Last summer, Tanz im August celebrated its 30th edition with a bang. But even without a birthday bonus budget from the city government, this year’s instalment is sure to energise Berlin’s otherwise sleepy summer stage circuit with 31 cutting-edge productions sprinkled across 11 venues. As tradition has it, Tanz im August focuses on a world-revered choreographer every other year, and this time Brooklyn-born Deborah Hay has the honour. As a founding member of the Judson Dance Theater and a dancer for Merce Cunningham in his heyday, she’s seen half the world’s stages as well as being a prolific and highly influential choreographer. Billed as a “RE-Perspective”, the festival will stage a handful of her pieces from 1968 to the present day. Exactly how this “reperspective” will be different from a retrospective is somewhat unclear, although it might have to do with the inclusion of Berlin choreographers such as Jeremy Wade and Peter Pleyer in ten at Radialsystem, or with the immersive installation at Akademie der Künste that showcases her 2010 solo No Time to Fly. Hay’s The Match from 2004 stands out as a must-see performance – a quartet she wrote for professional dancers in a break from her usual choreographies with untrained performers that won her the New York City Bessie Award.
But even a legend like Hay can’t steal the show this year and that’s testament to solid festival programming – a highlight of which is Australian performance artist Nicola Gunn’s Piece for Person and Ghetto Blaster. The solo piece interweaves anecdotal text fragments, movement and humour to address the ethics of confrontation and intervention.
Meanwhile, Northern Irish sensation Oona Doherty, a young choreographer who made her name by being selected to join the prestigious European dance network Aerowaves, makes her Deutschland debut with Hard To Be Soft – A Belfast Prayer. Showing at HAU1, the performance addresses issues of religion and economic austerity in Belfast. Doherty’s piece isn’t just a gritty social commentary on the troubles of Northern Ireland though. It also offers a Butler-sized dose of gender trouble that’s sure to chime with Berlin audiences. Also at HAU1, Swedish choreographer Gunilla Heilborn examines the politics of remembering and forgetting in The Wonderful and the Ordinary (photo). Produced at the Theater im Bahnhof in Graz, it blends Nordic humour with laconic melancholia to unearth the seemingly trivial details of our lives. Over at Sophiensæle, Berlin collective deufert&plischke present their new work Liebestod, a reflection on love, loss and heartbreak. This homegrown project was developed through communal writing workshops that weaved Liebeskummer into the performance like a thread of romantic torment.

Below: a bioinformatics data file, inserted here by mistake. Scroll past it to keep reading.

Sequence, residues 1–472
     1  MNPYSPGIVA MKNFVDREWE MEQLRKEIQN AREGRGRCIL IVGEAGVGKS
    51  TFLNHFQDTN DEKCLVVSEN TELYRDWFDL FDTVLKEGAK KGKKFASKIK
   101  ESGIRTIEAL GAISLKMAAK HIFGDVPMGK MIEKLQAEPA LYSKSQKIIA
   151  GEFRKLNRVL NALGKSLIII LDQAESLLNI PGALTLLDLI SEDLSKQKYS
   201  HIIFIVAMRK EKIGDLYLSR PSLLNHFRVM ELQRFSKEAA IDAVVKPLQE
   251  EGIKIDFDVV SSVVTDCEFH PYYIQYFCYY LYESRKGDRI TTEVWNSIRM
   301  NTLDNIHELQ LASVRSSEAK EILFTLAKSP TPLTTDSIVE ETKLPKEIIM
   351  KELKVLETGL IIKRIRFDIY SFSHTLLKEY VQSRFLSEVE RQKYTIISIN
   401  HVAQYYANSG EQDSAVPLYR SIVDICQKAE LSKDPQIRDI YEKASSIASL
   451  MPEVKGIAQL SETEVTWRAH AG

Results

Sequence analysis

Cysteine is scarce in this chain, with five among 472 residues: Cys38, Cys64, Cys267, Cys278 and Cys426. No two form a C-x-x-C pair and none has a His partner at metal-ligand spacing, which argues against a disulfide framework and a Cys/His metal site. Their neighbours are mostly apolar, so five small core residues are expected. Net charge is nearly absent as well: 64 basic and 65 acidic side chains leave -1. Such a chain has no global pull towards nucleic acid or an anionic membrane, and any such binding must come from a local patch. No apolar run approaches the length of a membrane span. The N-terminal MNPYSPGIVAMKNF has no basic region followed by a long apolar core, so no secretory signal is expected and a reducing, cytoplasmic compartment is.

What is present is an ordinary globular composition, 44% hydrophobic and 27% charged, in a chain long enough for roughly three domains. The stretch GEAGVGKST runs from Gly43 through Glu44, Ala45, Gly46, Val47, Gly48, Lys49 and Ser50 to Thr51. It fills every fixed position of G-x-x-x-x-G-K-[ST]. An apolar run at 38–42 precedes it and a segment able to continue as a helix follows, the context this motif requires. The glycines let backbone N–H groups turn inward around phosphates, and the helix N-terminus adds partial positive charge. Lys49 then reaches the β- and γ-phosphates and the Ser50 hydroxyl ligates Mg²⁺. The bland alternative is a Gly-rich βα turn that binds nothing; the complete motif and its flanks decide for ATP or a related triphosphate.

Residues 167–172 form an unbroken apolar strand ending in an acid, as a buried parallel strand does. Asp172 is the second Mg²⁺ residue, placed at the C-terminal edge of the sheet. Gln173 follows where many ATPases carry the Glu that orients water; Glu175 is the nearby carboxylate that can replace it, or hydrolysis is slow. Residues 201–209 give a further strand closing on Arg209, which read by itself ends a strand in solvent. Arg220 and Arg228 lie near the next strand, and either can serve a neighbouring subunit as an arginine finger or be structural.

If sitting in an auditorium at the height of summer isn’t your cup of iced tea, check out the Bibliothek im August (library in August) on the top floor of HAU2. The library also hosts a splash of events, including sofa panel discussions where you can rub elbows with this year’s headliners. For more off-stage action, boogie down to WAU, where it’s party time every weekend during the festival, starting with the opening bash on August 9th!
ten Aug 23-24 Radialsystem, Friedrichshain | The Match Aug 23-24 Radialsystem, Friedrichshain | Piece for Person and Ghetto Blaster Aug 9-11 HAU3, Kreuzberg | Hard To Be Soft – A Belfast Prayer Aug 17-18 HAU1, Kreuzberg | The Wonderful and the Ordinary Aug 14-15 HAU1, Kreuzberg | Liebestod Aug 28-30 Sophiensæle, Mitte